If rightly implemented, these policies would have a tremendous social impact delivering to households across Europe increased comfort, cleaner indoor and outdoor air quality, reduced energy bills and better and more qualified local jobs.

It is the time for Europe to prove that the Green Deal pledge to “leave no one behind” is not just a slogan but a concrete political plan and that a just transition to a climate-neutral society is possible and desirable.

 

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EUSEW 2020 blog | Renovation Wave: the immediate and powerful recovery button at the fingertips of EU policymakers

by Bertrand Deprez, Vice President EU Government Affairs at Schneider Electric & Céline Carré, Head of European Public Affairs at Saint Gobain, members of the European Alliance to Save Energy (EU-ASE)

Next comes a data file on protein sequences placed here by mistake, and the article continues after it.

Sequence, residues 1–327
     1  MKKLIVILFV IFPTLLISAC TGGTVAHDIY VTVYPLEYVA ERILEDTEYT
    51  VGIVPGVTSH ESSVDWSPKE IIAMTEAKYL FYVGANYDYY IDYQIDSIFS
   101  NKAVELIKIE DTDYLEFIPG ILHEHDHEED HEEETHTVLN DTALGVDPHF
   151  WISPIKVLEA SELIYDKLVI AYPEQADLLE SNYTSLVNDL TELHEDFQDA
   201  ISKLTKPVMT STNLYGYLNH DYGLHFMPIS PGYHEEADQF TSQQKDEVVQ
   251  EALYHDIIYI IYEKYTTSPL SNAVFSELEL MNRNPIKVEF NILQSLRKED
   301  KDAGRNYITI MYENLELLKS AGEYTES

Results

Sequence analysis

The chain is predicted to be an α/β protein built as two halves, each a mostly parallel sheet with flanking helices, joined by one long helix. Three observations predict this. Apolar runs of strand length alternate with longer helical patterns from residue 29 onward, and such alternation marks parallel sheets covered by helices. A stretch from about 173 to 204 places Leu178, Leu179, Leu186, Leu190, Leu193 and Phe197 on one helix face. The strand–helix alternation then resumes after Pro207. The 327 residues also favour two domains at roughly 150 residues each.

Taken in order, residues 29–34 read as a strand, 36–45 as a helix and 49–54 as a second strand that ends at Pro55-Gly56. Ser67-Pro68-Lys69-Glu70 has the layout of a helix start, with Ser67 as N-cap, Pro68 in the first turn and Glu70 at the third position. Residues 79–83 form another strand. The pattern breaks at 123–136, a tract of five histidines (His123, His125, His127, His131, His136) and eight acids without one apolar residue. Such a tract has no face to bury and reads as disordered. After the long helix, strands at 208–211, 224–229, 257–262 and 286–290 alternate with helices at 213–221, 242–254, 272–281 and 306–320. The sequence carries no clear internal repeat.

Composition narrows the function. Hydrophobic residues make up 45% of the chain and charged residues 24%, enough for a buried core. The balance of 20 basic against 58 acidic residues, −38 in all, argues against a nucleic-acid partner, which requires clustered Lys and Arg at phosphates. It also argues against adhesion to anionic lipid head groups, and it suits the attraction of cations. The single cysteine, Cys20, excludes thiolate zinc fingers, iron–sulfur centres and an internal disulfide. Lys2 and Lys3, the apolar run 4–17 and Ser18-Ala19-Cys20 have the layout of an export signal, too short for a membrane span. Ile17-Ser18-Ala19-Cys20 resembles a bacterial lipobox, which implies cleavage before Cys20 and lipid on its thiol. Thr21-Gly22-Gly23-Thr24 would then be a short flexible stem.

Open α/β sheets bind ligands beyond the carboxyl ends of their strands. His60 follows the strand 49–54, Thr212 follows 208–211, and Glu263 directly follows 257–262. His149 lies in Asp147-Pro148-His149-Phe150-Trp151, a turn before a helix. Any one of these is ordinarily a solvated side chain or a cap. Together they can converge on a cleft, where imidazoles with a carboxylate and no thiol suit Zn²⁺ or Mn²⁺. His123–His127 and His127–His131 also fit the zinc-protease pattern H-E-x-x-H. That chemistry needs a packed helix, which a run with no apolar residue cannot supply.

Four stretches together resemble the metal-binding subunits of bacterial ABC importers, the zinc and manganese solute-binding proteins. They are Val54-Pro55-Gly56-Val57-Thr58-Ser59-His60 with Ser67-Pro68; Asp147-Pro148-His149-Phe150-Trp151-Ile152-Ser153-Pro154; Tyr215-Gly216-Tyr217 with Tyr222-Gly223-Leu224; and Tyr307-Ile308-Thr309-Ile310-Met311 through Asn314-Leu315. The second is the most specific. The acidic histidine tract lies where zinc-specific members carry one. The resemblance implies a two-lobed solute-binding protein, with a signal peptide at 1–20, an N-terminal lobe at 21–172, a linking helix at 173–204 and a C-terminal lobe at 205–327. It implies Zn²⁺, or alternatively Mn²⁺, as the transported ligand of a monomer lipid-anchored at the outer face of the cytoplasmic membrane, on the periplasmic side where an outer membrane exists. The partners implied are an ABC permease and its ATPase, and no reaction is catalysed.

This article was published in the blog of the EU Sustainable Energy Week 2020


There is one clear reboot button at the fingertips of European policy-makers, the label underneath carries the tag ‘Renovation Wave’. Rather than causing a re-start, bringing back an older configuration, pressing this button would put Europe on a new path to sustainable growth, with its citizens at the heart.